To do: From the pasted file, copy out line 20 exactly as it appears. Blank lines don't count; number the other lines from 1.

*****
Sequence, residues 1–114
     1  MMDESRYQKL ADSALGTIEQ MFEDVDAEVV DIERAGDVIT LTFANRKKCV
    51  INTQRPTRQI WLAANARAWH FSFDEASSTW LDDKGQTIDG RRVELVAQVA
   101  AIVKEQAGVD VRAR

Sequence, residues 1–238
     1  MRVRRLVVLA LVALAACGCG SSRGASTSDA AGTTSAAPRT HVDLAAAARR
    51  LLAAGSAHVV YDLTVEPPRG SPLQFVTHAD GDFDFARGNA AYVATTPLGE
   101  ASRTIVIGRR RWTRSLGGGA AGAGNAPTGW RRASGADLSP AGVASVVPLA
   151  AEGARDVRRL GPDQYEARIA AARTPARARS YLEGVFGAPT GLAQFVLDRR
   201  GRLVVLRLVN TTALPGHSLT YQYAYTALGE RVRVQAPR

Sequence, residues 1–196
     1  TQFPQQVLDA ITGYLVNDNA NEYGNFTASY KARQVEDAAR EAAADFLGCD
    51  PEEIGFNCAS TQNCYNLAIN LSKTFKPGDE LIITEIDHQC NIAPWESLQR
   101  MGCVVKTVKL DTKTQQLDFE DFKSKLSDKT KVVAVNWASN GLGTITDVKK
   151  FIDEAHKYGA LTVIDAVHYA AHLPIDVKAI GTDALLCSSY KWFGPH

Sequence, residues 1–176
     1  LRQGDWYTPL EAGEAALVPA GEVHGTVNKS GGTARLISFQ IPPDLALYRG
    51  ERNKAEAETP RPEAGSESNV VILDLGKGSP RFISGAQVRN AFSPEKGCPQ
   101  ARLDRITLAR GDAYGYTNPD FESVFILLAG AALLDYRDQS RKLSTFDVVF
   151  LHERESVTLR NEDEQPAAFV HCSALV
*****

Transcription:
   151  LHERESVTLR NEDEQPAAFV HCSALV